Writing Resources

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We all have those things, those tools that keep us on task or inspire us or help us in the mundane, every day editing and revision process. And of course, there’s the writing.

As I was writing the Back to School Resource Guide last week, I realized that many of those same items can be used as resources for our writing process.

Currently, my first go-to is a Thesaurus. I use the online one in the previous link. It’s fast, it’s easy, and it has all the words.

Next is a new addition to anyone’s resource list: Dreyer’s English: An Utterly Correct Guide to Clarity and Style. I also have his Day-by-Day Calendar which gives you hints and copyediting advice all through the year that you didn’t know you needed until you read it. Both are excellent resources. He is coming out with a children’s version and a second edition is on the way.

My go-to online dictionary is Merriam-Webster, partly because of their longevity and willingness to modernize, but also their sense of humor. Follow them on Twitter.

Need to know what day someone was born on in 1873? Sunrise or sunset? Time and Date is for you.

Need a quotation? BrainyQuote.

When is National Crepe Day? Well, National Crepe Suzette Day is May 6th! Today, in fact is National Noodle Day! How do I know this? National Day Archives.

Need help jump starting your novel? Nanowrimo is for you! It runs November 1st through November 30th and gives you the resources and motivation to write 50,000 words in thirty days.

The only magazine I subscribe to is The Writer. I’ve been getting it for at least two decades, although I have more recently switched to digital only. Saves trees and space in my house.

Drawing Interior Scenes. Even as a young writer, I always drew the apartments where my characters lived. I found it a useful way to assist in the descriptive prose. This manga artist takes it to a whole new level: Manga artist [Haru Amake] shares a genius-level trick to take the headache out of drawing interior scenes

Chromebook Shortcuts

Two of my very favorite organizing tools are Evernote and Business Calendar 2. My links go to the Amazon store since I use my Kindle more than anything else, but both are available in the Google Store and if you have i-products you can check the Apple Store. Both come in a free and a paid version.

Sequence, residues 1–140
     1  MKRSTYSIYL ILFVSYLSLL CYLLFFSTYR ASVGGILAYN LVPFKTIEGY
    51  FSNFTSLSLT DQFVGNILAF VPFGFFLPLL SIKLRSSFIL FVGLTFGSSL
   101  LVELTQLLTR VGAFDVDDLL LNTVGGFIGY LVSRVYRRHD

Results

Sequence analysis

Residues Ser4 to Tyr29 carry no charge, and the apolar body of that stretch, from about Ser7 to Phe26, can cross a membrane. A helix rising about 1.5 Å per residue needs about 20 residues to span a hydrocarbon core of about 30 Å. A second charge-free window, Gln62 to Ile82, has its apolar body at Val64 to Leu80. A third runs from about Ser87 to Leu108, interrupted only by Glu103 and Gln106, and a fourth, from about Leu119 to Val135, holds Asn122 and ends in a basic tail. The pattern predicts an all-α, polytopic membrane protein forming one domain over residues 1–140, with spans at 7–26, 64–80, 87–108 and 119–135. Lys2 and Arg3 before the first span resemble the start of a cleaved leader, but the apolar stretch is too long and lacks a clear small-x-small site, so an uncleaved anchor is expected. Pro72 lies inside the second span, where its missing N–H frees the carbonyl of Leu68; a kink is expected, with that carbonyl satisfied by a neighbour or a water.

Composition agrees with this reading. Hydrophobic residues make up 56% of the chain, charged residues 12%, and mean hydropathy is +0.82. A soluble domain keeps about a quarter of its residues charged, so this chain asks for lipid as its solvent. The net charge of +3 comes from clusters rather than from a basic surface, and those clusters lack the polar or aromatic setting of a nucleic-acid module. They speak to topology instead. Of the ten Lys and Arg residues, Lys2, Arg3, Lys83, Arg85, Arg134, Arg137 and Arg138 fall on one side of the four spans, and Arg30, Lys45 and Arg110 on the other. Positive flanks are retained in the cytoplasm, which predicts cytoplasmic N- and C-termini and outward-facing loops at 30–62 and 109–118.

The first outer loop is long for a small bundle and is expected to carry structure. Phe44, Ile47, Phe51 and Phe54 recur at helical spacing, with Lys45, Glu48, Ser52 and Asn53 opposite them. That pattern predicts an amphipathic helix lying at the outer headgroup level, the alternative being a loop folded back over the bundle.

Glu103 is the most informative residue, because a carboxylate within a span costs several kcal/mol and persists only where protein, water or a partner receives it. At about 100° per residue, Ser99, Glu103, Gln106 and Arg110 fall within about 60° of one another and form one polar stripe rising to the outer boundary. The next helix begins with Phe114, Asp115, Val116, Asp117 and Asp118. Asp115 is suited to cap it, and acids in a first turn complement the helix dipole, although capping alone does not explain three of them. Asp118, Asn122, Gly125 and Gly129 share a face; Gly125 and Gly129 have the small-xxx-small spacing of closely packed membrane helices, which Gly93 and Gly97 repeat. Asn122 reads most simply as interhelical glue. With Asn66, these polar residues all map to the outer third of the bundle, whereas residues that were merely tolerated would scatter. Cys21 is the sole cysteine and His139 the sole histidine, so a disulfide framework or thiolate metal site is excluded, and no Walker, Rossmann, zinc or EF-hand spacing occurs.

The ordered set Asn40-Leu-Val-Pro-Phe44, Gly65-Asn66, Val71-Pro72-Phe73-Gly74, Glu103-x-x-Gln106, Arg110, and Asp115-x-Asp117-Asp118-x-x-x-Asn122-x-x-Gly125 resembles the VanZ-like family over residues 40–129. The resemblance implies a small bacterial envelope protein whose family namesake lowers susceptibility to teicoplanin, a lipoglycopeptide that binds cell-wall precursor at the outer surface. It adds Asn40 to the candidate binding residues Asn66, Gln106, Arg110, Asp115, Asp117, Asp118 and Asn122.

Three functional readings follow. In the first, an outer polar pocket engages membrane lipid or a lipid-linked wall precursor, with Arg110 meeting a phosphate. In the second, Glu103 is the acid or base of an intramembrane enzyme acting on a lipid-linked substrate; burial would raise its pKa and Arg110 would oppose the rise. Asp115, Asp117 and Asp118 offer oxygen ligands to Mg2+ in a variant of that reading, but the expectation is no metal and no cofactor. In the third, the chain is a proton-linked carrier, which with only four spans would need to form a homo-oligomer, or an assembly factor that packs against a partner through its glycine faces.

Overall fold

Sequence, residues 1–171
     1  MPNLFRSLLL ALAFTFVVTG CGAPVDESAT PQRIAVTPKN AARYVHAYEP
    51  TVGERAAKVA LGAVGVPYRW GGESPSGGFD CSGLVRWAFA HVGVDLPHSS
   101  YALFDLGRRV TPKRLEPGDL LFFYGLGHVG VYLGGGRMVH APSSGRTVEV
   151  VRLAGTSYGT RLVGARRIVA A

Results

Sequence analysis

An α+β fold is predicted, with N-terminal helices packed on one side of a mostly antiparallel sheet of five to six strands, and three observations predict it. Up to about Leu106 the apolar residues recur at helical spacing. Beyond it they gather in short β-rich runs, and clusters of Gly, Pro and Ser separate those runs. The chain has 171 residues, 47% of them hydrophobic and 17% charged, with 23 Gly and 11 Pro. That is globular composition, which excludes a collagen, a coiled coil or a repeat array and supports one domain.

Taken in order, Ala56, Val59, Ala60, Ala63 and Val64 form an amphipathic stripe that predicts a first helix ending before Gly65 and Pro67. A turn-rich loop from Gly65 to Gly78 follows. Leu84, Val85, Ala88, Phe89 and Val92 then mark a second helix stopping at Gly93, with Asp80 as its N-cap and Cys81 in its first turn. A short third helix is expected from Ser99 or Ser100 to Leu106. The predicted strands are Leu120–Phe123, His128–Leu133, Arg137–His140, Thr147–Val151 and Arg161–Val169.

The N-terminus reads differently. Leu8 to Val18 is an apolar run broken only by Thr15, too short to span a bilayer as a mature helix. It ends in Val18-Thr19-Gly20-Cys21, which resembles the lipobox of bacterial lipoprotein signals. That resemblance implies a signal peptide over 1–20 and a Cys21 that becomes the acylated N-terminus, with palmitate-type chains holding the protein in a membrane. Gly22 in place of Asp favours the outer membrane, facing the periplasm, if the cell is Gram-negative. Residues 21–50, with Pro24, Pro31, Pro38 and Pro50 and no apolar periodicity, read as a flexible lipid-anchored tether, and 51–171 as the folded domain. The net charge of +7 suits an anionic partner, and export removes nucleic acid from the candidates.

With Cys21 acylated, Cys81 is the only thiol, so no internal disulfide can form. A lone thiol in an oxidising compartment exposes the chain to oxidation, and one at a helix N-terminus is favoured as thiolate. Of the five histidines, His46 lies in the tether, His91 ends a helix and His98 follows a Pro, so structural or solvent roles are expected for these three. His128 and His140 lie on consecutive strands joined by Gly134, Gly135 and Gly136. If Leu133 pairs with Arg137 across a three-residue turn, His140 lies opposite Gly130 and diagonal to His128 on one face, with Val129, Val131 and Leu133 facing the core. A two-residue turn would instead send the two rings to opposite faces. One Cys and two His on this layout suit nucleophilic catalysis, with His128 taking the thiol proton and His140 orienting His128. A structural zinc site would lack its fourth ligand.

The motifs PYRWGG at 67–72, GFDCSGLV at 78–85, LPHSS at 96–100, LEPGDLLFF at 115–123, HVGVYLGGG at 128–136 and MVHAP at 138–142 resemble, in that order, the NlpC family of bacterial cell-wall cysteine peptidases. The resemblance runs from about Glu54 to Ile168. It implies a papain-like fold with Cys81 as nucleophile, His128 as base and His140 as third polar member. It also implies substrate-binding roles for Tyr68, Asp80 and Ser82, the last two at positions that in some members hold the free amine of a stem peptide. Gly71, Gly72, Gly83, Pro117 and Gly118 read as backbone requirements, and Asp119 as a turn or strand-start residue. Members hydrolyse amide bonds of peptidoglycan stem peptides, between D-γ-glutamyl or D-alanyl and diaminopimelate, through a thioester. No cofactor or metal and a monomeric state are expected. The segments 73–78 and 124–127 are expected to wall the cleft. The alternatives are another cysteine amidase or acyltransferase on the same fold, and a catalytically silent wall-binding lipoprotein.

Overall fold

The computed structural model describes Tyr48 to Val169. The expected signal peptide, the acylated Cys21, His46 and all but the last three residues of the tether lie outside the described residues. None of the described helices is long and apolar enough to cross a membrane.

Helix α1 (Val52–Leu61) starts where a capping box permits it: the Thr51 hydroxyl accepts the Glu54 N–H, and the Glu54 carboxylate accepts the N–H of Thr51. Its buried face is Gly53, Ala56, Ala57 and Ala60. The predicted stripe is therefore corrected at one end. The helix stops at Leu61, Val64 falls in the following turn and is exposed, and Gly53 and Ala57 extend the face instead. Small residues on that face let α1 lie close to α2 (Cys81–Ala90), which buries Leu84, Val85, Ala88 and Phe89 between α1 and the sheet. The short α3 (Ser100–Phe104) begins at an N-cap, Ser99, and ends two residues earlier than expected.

Evernote lets you keep information organized in separate “books”. A few of mine are: Quotations, Writing Prompts, A Book of Days (to track holidays), and Travel Notes for on the go.

Business Calendar 2 is the best calendar app I have ever used, and I have used more than a few. I’ve been using it for about two weeks, and it took me a couple of days to see how beneficial this calendar app is to my life!

The free version lets me do everything I absolutely need to do with a calendar/organizer with a minimum of ads. There are a few advanced features that I would like, and I plan to eventually purchase the paid version. In addition to no ads, it will let me multi-pick for deleting agenda items at the end of the day. But realistically, that’s only for my preference. It is completely usable and useful with just the free download.

Is This the End of Writing in Cafés? by Emily Temple. Full Disclosure: I’m writing this right now in a cafe, so I think you know my answer to that question.

I leave you with some inspiring words from Pulitzer Prize and Tony winner, Lin-Manuel Miranda:

Then chase a moment, not a plot.

If a moment’s too big, chase a sentence.

You just need an inch to start. GO WRITE.

Lin-Manuel Miranda on Twitter, circa 2016 (when you can’t find the words)

Writing Tips: A Writing Tool Kit That Really Works

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​This is the sort of thing/organizer that I’ve been looking for for what seems like forever. I’m calling it my Writer’s Tool Kit (or Writer’s First Aid Kit), and it’s something that I’ve tried to put together for the last several years. I’ve gone through a plethora of messenger bags, re-purposed makeup bags, pencil cases, pouches, diaper bags, organizers, and all the other items you’d find in the accessory, stationery, and cosmetic departments at a Target or comparable big box store.

I’ve also tried LL Bean, Lands’ End, Eddie Bauer, Baggellini, and no-name brands on the internet and so far nothing has worked. 

Oh, it works for a little while, but then I need something extra and the entire thing ends up in a mess on the floor with me wearing my frustration face. Even now, I’ve forgotten my earphones. They must have fallen off of my nightstand, and in my hurry to get out the door I forgot they weren’t in my purse where they usually live.

I have been using a small messenger bag that I found on Amazon, and I really love it. It’s the right size, has a decent number of organizational pockets (although the pencil slip could be longer) and it’s big enough to carry all my needs, whether I want to overstuff it, or to use it simply as an oversized pocketbook for my wallet, Kindle, and cell phone. At the moment, though I’m using a separate purse along with the messenger bag.

One problem with my bag is that there is no padding so consequently my keyboard is not protected. I’ve been using a padded tablet case to carry it and protect it, but it’s hard to get in and out of the center portion of the messenger bag; the zipper isn’t wide enough.

On Pinterest, they keep promoting a pin “just for me” from the Mocchi site. It is exactly what I wanted. Slender, large enough for my Kindle and possibly my keyboard, slip pockets for papers, perhaps a notepad, and zipper pockets for post-it notes and stamps. It even comes in my color: green. On the bad side, it costs around $60 before the tax and the shipping and handling.

That is way out of my league.

And it still wouldn’t be perfect.

That’s the way it’s been every time. Until now.

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